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Cooking and Re-Heating Food

Cooking and Re-Heating Food

Cooking food properly will help make sure that any harmful bacteria are destroyed. If you eat food that isn't properly cooked you could well get food poisoning.

Making sure food is hot enough

  • To test if food has been properly cooked insert a small knife into the food to check that it’s steaming hot in the middle.
  • If you are cooking a very large dish, you may need to check it in more than one place, because some parts of the dish might not be hot enough.
  • Cooking thermometers or temperature probes are an easy way to check if food is cooked properly.
  • The food should reach an internal core temperature of 75 °C for at least 30 seconds.  The core temperature is in the middle or thickest part.
  • Another way to check food is cooked properly is to look at the change in colour. This is  especially useful for checking meat as meat will become paler and juices will run clear when it is cooked properly
  • If you see traces of pink juices and blood, you need to cook meat for longer (one execption is beef as long as you have seared and properly cooked the outside of the beef).

Checking if meat has been properly cooked

  • It's very important to make sure that poultry such as chicken and turkey, pork and meat products such as burgers, sausages and kebabs are cooked properly all the way through. 
  • if you’re checking a burger, sausage, or a portion of chicken or pork, cut into the middle and check there is no pink meat left.
  • The meat should also be steaming hot in the middle. If you're checking a whole chicken or other bird, pierce the thickest part of the leg (between the drumstick and the thigh) with a clean knife or skewer until the juices run out. The juices should run clear and not have any pink or red in them.

Using a micro-wave oven

  • Microwaves make the water molecules contained in food vibrate and 'wiggle', which in turn produces heat, this is what cooks the food, and also why the oven itself doesn't heat up.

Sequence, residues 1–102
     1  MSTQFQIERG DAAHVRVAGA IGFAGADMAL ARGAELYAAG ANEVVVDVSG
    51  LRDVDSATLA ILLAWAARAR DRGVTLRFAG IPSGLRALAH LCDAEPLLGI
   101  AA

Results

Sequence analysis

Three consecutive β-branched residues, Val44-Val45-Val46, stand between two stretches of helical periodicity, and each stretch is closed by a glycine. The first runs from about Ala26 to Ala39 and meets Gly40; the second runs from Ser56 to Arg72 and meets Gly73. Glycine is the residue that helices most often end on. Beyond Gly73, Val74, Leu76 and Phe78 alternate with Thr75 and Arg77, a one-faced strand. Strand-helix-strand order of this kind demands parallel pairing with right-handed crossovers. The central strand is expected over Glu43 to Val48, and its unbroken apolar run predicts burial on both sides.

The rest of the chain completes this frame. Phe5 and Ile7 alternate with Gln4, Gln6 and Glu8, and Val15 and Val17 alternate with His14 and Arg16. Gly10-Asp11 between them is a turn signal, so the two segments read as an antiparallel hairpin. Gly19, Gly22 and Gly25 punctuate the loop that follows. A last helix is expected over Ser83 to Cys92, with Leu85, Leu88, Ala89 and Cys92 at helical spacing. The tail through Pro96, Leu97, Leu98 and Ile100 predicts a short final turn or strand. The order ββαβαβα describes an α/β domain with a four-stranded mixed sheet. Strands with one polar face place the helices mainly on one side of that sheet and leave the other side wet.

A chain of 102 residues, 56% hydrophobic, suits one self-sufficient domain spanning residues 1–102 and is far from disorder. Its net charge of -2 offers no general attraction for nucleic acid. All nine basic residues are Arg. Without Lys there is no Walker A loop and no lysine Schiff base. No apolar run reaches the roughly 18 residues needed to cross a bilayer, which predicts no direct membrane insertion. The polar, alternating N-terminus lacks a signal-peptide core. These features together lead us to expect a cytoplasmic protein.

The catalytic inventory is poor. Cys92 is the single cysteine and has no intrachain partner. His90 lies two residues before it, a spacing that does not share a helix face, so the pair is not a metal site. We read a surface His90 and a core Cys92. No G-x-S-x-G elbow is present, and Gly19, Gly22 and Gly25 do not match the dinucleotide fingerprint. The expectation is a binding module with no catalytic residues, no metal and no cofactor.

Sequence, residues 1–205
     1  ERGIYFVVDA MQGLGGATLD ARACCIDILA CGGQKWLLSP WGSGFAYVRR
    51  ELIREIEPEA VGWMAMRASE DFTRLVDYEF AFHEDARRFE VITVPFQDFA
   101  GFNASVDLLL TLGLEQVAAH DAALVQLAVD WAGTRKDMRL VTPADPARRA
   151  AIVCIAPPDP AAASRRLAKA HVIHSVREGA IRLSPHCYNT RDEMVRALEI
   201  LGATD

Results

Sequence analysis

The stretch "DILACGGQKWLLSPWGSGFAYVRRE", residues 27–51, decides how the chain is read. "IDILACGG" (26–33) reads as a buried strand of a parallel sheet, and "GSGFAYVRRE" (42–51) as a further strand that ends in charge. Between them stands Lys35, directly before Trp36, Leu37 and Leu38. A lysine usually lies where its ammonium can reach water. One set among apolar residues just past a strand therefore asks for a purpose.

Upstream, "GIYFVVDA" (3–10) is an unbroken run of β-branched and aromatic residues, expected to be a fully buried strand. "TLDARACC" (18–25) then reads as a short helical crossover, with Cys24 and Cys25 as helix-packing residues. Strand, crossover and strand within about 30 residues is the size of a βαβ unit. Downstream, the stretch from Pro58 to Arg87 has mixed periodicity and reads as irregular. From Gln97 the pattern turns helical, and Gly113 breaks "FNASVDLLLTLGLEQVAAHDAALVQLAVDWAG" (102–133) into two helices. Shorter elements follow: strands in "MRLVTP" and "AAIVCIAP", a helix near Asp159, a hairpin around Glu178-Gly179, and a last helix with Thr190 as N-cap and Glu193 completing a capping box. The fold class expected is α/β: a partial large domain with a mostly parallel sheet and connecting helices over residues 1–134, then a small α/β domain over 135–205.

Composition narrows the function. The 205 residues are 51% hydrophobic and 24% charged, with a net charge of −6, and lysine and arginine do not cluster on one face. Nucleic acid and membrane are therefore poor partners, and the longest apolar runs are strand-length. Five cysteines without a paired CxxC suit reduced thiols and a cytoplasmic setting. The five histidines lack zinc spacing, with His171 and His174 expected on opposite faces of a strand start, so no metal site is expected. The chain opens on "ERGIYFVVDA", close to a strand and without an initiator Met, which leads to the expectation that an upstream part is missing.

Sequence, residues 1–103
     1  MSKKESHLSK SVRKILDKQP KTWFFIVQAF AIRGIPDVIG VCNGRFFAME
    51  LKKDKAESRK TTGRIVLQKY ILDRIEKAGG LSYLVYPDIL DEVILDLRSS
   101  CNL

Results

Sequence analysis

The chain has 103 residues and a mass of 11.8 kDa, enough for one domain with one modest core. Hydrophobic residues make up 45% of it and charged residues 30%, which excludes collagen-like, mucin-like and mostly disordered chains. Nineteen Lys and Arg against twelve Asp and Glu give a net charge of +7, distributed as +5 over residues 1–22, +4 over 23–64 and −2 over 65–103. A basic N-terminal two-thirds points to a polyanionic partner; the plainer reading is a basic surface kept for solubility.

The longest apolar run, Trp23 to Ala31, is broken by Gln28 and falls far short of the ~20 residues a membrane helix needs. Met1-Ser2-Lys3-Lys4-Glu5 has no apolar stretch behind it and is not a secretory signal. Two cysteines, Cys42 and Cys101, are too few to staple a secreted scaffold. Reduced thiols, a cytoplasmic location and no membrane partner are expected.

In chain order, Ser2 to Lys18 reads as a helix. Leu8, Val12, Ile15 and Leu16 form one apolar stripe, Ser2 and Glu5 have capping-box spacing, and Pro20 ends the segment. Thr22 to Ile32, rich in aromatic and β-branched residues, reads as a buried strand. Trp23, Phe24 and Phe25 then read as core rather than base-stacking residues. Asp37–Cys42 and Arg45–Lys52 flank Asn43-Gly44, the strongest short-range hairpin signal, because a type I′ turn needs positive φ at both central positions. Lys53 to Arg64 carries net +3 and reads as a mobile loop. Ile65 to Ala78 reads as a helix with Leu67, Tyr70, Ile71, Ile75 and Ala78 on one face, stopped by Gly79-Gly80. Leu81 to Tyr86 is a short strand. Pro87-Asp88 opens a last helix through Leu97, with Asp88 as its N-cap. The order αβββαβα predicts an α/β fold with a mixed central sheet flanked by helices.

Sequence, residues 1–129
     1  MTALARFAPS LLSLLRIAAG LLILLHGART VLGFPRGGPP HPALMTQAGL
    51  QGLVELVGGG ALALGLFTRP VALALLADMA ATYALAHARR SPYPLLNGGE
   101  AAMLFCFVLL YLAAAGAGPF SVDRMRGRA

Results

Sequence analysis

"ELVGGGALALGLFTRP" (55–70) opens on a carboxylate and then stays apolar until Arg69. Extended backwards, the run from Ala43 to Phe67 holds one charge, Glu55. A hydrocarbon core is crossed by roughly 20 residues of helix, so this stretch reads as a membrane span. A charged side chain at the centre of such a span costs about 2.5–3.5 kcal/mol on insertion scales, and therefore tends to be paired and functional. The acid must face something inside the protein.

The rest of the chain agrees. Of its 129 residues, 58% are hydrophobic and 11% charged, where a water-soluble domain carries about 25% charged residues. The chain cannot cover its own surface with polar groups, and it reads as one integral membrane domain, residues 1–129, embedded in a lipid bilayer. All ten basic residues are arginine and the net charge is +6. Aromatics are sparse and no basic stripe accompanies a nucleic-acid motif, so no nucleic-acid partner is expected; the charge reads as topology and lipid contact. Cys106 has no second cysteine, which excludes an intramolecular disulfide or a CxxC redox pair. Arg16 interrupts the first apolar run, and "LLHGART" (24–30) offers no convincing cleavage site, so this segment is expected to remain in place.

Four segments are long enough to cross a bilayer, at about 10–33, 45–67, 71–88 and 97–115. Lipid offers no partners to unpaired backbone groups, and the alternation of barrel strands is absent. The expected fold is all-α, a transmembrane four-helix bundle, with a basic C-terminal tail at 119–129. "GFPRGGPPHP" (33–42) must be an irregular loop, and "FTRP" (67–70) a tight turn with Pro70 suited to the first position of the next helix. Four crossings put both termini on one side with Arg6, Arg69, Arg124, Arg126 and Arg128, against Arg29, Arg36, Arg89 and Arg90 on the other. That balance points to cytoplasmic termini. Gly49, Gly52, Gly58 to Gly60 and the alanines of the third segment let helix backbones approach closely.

• Foods that have a lot of water, like fruits and vegetables will cook more quickly.
  • Foods high in fat and sugar also cook more quickly. Metal reflects the microwaves, and the energy passes through glass, plastic and paper.

Reheating food

  • When reheating food it should steaming hot all the way through or reach a temperature of 75 °C for at least 30 seconds. Food should only be reheated once and any leftovers should be discarded


  • If you have cooked food that you aren't going to eat straight away, cool it as quickly as possible (ideally cool to under 8°C within 90 minutes and then store it in the fridge)
  • Make sure your fridge is between 0°C and 5°C. This allows an additional allowance to store food at or under 8°C
  • About a third of the food we buy ends up being thrown away and most of this could have been eaten.
  • One of the main reasons for throwing food away is because people cook and prepare too much.
  • Try to cook only as much as you need. But if you do cook too much, using leftovers is a good way to reduce the amount of food you waste and save money too, as long as you do it safely.

Don't be tempted to keep leftovers for longer than two days!